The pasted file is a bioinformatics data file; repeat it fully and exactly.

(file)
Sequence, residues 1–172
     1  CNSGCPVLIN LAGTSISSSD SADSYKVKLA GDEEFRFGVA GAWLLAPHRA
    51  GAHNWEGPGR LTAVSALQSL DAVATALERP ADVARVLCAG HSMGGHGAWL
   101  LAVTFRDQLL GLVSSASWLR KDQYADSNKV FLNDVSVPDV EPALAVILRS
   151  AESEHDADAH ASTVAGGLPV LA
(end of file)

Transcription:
Sequence, residues 1–172
     1  CNSGCPVLIN LAGTSISSSD SADSYKVKLA GDEEFRFGVA GAWLLAPHRA
    51  GAHNWEGPGR LTAVSALQSL DAVATALERP ADVARVLCAG HSMGGHGAWL
   101  LAVTFRDQLL GLVSSASWLR KDQYADSNKV FLNDVSVPDV EPALAVILRS
   151  AESEHDADAH ASTVAGGLPV LA